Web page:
The New Rules of Raising Capital
- by Maurice M. Lefkort
Imagine you’re a banker and you lend a company $92 million. You spend weeks negotiating loan terms, the lawyers prepare a credit agreement and a host of ancillary documents. You prepare a schedule for the lawyers of all of the numbers to fill in. The lawyers copy down the numbers accurately, time passes, the borrower goes belly up, but instead of $92 million of security, you only have $92,000 of security. Why? Because the schedule you gave the lawyer was “dollars in thousands” and the lawyer didn’t understand the implications.
This is a real story—read the full details here—albeit an extreme example of the problems that can occur because lawyers and businesspeople sometime speak different languages.
Perhaps even more costly than the losses that come from errors are the missed opportunities. For example, do you have a plan to take advantage of the major changes that just came into effect on the rules governing capital raising?
New Securities and Exchange Commission rules, effective Sept 23, 2013, have dramatically liberalized the means by which companies can raise capital. The effect of this could be more efficient capital markets and cheaper cost of capital. Imagine a world in which you could post on your website a business plan, terms of the debt or equity securities you’re offering, conduct a Dutch auction and allow investors to bid on investing in you. Well, that world is here today.
Even if those dramatic changes are not commonplace yet, the new rules have the potential to transform how businesses raise money and how sectors of the securities industry operate. If you are looking to raise capital, relying on the same old methods that were used in the past could cause you to miss untapped markets of cheaper capital. Even if your business isn’t looking to raise capital, your competitors no doubt are.
What’s changed? Under the new rules required by the JOBS Act of 2012, a company can open up its offering to anyone in the world and publicly advertise the offering without having to file a registration statement with the SEC if:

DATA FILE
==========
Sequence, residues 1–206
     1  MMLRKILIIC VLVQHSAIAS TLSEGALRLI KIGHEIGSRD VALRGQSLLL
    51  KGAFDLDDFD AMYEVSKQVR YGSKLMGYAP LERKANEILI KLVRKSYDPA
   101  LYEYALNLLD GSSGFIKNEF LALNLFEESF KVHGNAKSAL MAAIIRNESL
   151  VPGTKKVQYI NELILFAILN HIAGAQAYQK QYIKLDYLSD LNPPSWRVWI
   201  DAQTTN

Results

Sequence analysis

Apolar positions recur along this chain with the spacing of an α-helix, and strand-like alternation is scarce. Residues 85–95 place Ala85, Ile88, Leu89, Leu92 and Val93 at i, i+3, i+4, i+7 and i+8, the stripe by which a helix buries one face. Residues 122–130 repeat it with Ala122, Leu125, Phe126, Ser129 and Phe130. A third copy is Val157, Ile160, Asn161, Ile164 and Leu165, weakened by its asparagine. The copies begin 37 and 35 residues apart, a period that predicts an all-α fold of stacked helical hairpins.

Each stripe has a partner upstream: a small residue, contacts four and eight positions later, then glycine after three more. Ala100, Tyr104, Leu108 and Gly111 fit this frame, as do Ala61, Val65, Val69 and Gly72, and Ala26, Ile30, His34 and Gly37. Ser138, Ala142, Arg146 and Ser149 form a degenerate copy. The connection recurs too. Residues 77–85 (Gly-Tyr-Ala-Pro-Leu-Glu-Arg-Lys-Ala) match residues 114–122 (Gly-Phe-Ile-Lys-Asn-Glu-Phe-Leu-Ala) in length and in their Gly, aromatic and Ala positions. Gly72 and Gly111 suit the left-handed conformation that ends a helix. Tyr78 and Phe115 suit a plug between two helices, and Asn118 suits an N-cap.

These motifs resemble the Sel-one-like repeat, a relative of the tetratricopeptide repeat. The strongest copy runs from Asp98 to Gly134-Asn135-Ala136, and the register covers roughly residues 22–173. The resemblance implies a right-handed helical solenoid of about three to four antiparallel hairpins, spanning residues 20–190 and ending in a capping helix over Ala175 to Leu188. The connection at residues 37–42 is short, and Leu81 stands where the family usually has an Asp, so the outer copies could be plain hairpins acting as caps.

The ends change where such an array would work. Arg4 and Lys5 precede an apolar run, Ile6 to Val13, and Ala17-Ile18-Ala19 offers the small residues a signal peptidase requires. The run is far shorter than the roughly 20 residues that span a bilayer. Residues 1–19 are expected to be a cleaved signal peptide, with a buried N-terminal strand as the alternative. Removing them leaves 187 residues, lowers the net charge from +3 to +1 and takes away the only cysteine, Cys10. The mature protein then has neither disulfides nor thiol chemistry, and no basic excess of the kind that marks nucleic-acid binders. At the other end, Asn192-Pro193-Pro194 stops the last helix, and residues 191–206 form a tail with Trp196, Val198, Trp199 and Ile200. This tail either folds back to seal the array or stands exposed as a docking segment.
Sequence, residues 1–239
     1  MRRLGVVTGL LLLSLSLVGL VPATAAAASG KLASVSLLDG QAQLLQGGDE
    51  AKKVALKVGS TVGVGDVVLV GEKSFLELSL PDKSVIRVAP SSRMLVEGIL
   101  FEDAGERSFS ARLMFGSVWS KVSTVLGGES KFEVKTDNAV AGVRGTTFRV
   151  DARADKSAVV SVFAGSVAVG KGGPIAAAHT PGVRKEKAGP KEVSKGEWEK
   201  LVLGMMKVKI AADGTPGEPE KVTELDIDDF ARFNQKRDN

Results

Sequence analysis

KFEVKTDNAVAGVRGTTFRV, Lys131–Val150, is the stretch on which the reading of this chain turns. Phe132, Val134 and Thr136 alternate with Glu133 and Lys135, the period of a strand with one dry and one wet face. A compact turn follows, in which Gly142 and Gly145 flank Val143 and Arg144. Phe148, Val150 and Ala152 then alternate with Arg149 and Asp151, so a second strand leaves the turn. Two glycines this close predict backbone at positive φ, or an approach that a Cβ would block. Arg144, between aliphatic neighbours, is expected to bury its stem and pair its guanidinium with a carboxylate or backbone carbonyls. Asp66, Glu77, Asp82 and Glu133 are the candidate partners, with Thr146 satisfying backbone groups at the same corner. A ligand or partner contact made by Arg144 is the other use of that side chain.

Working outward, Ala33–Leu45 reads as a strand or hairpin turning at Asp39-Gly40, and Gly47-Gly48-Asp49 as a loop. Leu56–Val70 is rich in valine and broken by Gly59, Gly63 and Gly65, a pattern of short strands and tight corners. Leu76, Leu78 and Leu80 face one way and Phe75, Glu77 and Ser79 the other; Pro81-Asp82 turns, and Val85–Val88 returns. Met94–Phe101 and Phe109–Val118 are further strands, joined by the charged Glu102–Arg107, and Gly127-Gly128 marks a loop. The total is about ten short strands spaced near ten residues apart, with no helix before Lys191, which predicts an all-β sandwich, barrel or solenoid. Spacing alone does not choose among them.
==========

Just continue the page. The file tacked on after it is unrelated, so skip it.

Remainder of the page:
• It only sells securities to buyers who qualify as “accredited investors” AND
• The company is not a “bad actor” as defined by SEC rules.
Why hasn’t the capital markets revolution happened yet? There are a number of reasons. It takes time for the capital markets to adapt to new legal regimes, and the securities sold through these new types of private placements are still considered restricted securities, subject to “restrictions on resale.”
What’s next? If I could answer that, I would be retired and living at the beach, but here are things to look for.
• Sophisticated companies will use these new rules to increase the efficiency of their capital raises and reduce their cost of capital.
• Increased advertising of securities offerings targeted to high-net-worth individuals means an advertising boon to those media companies that can deliver those “eyeballs.”
• Regulation will likely increase as unscrupulous individuals take advantage of the new rules to dupe the public.
As a business lawyer, Wharton graduate and new blogger on this site, I have three goals:
1. Educate. Help you, the readers, separate the wheat from the chaff and alert you to legal developments like these new SEC rules that can transform a business.
2. Empower. Help you get more out of your business lawyers, because businesspeople and lawyers often speak different languages.
3. Entertain. But you may have to read to the end of future posts for the Law & Order-type final twist.
I would like to address what is of interest to you, so if there are business-law topics that you would like me to blog about, please leave a comment below.
Editor’s note: This blog post is intended as general information on the law and legal developments, and is not legal advice as to any particular situation. Under New York ethical rules, please note that this post may constitute “ATTORNEY ADVERTISING.”